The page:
Watson arrives at 221B Baker Street at exactly three o’clock the next day, but Holmes has not returned. Watson waits for an hour, when a “drunken-looking groom” arrives. Watson finally recognizes Holmes in his disguise, and the two men discuss the progress of the investigation up to that point. That afternoon, Holmes took on the persona of a horse-groom and socialized with the other grooms at the mews near Irene Adler’s house, in order to get information about her. He heard from the men that Irene has a suitor, a lawyer named Godfrey Norton, who calls on her regularly.
Holmes begins this adventure in disguise, in order to get as close as possible to Irene and collect data for the case. The fact that Watson is fooled by Holmes’s disguise shows the detective’s extraordinary skill at transforming himself into another person, even if it is for something as simple as information-gathering. This scene also demonstrates the unorthodox methods Holmes uses in his cases.
While Holmes was still observing Irene’s house, Godfrey Norton arrived, spent about half an hour in the house, and then hopped in to a carriage, asking the driver to take him to St. Monica’s Church as fast as he can. Holmes followed him and found both Godfrey and Irene inside the church already, with a clergyman. To his surprise, the three of them turned to him to ask if he would witness their marriage ceremony.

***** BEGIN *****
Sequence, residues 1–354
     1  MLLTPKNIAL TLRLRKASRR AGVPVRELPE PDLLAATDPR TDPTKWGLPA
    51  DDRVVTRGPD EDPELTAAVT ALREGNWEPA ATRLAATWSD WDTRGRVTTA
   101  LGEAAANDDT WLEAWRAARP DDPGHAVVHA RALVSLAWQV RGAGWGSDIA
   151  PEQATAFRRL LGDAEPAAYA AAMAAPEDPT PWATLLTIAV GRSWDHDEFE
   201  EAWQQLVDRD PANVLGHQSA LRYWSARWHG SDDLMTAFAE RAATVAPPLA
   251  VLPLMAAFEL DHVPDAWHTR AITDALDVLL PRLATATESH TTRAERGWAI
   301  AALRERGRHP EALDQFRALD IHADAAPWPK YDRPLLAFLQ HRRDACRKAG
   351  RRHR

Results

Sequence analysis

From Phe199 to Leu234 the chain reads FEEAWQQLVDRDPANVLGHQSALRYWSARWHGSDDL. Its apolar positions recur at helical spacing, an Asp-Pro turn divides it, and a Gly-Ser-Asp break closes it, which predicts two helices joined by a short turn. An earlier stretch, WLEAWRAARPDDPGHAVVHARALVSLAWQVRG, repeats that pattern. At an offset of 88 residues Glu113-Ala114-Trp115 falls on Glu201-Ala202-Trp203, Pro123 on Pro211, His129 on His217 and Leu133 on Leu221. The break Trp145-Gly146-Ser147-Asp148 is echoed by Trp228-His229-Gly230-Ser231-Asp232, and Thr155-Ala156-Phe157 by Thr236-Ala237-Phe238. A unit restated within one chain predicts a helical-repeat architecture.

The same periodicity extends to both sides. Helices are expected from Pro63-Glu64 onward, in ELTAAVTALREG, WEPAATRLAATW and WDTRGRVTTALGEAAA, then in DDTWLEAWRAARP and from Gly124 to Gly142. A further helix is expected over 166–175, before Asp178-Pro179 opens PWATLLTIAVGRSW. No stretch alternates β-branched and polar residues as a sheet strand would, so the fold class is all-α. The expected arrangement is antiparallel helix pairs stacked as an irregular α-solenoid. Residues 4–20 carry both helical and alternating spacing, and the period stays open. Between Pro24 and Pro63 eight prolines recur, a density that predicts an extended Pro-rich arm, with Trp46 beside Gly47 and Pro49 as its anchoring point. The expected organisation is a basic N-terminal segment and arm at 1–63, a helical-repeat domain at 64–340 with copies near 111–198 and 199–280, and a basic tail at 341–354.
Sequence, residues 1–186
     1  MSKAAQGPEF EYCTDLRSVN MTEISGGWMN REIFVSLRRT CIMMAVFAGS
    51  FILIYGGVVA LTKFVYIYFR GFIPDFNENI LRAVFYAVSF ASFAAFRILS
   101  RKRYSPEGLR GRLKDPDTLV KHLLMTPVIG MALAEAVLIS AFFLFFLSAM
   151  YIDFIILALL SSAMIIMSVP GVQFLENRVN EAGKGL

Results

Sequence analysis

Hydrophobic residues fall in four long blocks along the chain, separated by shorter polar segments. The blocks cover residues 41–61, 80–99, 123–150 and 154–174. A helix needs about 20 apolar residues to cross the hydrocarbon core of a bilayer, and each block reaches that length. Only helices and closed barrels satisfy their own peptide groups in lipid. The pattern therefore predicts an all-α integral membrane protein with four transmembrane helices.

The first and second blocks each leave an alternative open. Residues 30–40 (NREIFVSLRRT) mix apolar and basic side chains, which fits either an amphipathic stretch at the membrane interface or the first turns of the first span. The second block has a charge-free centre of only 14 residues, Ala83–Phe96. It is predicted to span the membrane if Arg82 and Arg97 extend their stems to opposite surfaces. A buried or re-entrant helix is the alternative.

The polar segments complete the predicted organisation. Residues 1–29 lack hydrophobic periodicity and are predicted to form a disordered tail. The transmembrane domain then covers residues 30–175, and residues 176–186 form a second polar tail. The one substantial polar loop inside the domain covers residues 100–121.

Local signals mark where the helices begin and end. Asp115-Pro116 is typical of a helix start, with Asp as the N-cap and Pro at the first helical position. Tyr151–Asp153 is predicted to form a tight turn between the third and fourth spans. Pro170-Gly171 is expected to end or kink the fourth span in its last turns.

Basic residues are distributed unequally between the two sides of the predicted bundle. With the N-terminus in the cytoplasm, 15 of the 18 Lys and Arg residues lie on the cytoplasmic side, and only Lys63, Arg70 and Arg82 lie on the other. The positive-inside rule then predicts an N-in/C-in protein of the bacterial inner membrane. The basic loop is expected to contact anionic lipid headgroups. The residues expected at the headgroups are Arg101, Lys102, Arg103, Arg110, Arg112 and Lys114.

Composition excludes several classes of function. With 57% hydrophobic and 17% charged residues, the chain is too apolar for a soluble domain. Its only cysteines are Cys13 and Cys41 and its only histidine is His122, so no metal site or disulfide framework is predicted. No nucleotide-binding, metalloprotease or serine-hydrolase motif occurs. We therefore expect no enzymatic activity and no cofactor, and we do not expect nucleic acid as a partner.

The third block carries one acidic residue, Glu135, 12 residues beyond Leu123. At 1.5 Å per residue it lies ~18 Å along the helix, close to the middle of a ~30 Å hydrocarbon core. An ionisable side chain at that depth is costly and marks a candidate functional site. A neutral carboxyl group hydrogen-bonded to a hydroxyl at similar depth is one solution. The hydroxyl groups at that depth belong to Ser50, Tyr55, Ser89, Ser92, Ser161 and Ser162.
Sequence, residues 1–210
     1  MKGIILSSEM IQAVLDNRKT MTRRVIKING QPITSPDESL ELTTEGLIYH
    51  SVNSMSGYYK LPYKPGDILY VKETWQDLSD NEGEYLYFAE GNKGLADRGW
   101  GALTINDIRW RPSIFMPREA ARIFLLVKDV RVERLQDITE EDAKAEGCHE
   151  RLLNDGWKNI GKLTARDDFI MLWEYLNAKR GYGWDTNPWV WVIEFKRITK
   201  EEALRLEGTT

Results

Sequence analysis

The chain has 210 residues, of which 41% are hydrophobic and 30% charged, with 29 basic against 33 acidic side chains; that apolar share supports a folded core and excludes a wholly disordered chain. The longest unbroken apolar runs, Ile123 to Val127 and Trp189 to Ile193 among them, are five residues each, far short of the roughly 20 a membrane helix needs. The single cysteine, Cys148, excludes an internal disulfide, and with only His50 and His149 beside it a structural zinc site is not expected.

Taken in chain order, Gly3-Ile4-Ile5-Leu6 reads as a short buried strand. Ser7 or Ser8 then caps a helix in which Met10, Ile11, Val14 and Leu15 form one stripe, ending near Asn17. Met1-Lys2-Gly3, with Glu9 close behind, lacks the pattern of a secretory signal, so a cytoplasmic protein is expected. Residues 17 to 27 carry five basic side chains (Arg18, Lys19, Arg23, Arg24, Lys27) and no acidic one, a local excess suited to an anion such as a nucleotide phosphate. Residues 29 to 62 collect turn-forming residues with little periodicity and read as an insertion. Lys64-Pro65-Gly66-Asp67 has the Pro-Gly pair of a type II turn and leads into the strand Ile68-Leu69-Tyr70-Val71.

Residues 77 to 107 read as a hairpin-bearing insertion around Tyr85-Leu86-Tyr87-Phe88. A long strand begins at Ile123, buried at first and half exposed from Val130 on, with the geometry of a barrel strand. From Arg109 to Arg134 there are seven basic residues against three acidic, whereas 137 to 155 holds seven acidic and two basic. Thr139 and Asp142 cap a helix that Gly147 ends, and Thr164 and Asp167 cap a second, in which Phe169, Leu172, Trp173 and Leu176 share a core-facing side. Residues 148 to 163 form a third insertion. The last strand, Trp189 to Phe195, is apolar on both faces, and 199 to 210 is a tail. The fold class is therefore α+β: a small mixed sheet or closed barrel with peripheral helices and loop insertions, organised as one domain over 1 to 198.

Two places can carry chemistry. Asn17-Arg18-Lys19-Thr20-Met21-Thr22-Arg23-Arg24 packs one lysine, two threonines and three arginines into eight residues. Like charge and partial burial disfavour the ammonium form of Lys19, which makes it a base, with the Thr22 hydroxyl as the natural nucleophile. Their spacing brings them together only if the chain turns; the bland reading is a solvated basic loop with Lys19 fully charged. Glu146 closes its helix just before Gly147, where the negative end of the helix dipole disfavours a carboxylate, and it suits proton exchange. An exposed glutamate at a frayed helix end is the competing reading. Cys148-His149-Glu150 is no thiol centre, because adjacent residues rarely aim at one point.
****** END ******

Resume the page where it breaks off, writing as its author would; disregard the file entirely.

While still in information-gathering mode, Holmes is swept up into the action, becoming part of Irene and Godfrey’s wedding. The wedding is strangely rushed, and Irene and Godfrey have not even brought a friend along to witness the ceremony.
Holmes took part in the ceremony, still dressed in the disguise of the out-of-work groom, and when they finished, Irene gave him a sovereign coin, which he still keeps with him as a souvenir of the strange occasion. He hoped to follow them out of the church, but each of them got into a different carriage and departed in a different direction. Holmes then returned to plan the next phase of his investigation with Watson.
The wedding of Irene and Godfrey presents a strong contrast to what one would imagine a royal wedding might be like. This ceremony is sparse and rushed, and when the newly-married couple exit the church, they leave in different directions, as if this were a minor part of their day. Irene’s marriage complicates the notion that she is planning to sabotage the King’s relationship out of jealousy, although Irene’s unorthodox ceremony certainly raises questions about what she’s up to.
Holmes asks Watson if he will help, even if it means breaking the law and running the risk of arrest. Watson agrees enthusiastically and Holmes explains the plan. Holmes and Watson will be at Irene Adler’s house when she returns home at 7:00 p.m. Sherlock will be involved in “some small unpleasantness,” and Watson must not interfere in any way. If all goes to plan, Holmes will be brought into Irene’s house, at which point Watson will shoot off a rocket and call fire. Finally, Watson must wait for Holmes at the end of the street once the plan has been completed.
Energized from his earlier adventure, Holmes forms a new plan that is even more unorthodox, dangerous, and theatrical. Watson takes up his role as sidekick and loyal partner, cheerfully agreeing to break the law for the sake of an interesting case. This exchange highlights the fact that this is neither a mystery to be solved nor a case for the police, but rather a fun adventure for Holmes and Watson